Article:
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Default Re: The Home Appliance thread

Connecting neutral through MCB has its own problems. If the neutral gets disconnected some how (has happened in quite a few cases that I know of, where the MCB misbehaved) and the live phase is connected, then the live phase may float as high as 400V.
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Old 4th September 2015, 13:22   #5485
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Default Re: The Home Appliance thread

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Originally Posted by Prowler View Post
Save yourself some money and just buy a 6 A MCB ( assuming that you connect a 1 HP motor ) and use a connector to connect the neutral line.
6A for a motor? I thought 6amps was for light stuff like, err... lights?

Ours (only 0.5hp, I think) has a 20amp breaker.
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Old 4th September 2015, 14:33   #5486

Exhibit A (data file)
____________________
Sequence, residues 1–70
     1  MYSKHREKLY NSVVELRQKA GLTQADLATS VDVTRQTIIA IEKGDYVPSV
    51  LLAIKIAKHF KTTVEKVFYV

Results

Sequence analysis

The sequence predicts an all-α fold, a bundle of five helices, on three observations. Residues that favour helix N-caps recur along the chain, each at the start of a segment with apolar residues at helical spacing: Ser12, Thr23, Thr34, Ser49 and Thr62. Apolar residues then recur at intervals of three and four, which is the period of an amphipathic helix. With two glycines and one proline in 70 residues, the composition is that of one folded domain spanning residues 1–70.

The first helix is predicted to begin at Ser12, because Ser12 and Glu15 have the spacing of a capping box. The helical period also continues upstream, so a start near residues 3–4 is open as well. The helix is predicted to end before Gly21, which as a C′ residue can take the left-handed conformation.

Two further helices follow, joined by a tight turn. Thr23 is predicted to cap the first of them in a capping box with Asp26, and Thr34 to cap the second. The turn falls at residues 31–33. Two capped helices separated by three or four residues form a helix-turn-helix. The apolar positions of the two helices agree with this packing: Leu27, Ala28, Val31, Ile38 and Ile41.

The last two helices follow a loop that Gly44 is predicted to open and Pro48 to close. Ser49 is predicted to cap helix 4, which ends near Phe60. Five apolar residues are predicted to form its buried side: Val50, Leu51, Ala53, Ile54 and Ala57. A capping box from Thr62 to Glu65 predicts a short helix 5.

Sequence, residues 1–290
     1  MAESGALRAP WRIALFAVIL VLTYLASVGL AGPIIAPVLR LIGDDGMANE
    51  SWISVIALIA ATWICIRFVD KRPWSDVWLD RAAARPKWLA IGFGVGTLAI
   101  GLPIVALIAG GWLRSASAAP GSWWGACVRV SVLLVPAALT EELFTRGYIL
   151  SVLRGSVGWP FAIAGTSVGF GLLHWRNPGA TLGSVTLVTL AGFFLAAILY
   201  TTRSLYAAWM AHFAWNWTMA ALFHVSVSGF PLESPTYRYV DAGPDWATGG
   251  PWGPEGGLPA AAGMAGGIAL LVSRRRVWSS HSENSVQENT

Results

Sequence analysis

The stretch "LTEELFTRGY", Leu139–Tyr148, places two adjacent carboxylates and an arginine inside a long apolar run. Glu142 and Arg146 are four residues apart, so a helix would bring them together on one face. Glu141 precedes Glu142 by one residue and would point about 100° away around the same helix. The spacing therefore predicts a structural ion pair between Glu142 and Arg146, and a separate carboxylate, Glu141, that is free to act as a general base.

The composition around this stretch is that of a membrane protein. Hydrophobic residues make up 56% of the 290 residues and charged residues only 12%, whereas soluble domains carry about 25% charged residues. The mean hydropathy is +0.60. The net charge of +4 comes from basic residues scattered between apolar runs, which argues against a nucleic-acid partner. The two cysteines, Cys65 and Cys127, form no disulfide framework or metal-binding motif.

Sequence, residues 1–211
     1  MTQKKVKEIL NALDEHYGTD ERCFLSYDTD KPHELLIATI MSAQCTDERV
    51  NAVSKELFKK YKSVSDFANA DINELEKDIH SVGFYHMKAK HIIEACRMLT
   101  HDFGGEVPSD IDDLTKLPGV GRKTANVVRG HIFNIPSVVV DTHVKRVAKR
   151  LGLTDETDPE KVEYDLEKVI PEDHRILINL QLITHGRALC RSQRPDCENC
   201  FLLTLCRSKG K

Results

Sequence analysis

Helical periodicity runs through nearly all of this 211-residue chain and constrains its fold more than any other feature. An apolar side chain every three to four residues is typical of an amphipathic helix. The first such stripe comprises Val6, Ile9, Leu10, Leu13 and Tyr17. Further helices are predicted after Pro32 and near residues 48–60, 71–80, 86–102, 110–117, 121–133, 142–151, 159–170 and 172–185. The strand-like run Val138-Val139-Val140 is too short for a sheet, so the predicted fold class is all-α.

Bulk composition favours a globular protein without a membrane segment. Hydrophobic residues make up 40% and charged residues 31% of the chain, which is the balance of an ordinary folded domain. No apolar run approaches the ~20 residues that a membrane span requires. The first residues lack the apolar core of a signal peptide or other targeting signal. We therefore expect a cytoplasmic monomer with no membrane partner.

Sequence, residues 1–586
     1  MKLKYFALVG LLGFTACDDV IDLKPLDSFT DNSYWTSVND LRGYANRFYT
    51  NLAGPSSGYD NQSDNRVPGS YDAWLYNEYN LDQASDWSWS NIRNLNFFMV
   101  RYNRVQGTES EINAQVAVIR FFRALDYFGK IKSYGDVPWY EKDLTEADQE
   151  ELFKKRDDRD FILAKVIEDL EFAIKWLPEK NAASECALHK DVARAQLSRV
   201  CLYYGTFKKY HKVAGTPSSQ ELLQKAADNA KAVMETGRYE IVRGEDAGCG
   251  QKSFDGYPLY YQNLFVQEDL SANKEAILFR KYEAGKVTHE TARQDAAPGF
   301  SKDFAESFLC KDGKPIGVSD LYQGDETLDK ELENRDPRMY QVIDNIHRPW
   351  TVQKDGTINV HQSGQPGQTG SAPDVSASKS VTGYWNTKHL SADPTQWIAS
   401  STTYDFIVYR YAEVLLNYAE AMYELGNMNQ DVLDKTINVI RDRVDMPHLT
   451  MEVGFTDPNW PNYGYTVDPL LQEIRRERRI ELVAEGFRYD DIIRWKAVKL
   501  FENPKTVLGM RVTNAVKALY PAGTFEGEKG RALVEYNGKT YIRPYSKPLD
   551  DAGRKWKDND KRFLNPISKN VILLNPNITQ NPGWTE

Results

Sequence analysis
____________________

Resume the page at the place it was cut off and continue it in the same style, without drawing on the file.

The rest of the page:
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6A for a motor? I thought 6amps was for light stuff like, err... lights?



Ours (only 0.5hp, I think) has a 20amp breaker.

My motor is rated 6.2amps and guess the 6A breaker is safe considering the burn outs I am witnessing
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Old 4th September 2015, 16:42   #5487
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My motor is rated 6.2amps and guess the 6A breaker is safe considering the burn outs I am witnessing
You may have nuisance tripping if the running current itself is 6 A or thereabouts. You will need the next higher rating - may be 10 A. Make sure that the wires feeding the mcb from the mains point and to the motor are rated adequately. Since it feeds high current load (1 HP or above motors, 1 ton AC or above) you will need 7/20 wires. This will prevent your wires/cables from getting heated up and introduce unwanted impedance. Smaller gauge will cause lower supply voltage at the motor end which may result in premature failure of start/running capacitors apart from the possibility of motor winding failure. I have given large margin as safety rating for the wiring. Usually for your load 3/20 wires may be adequate.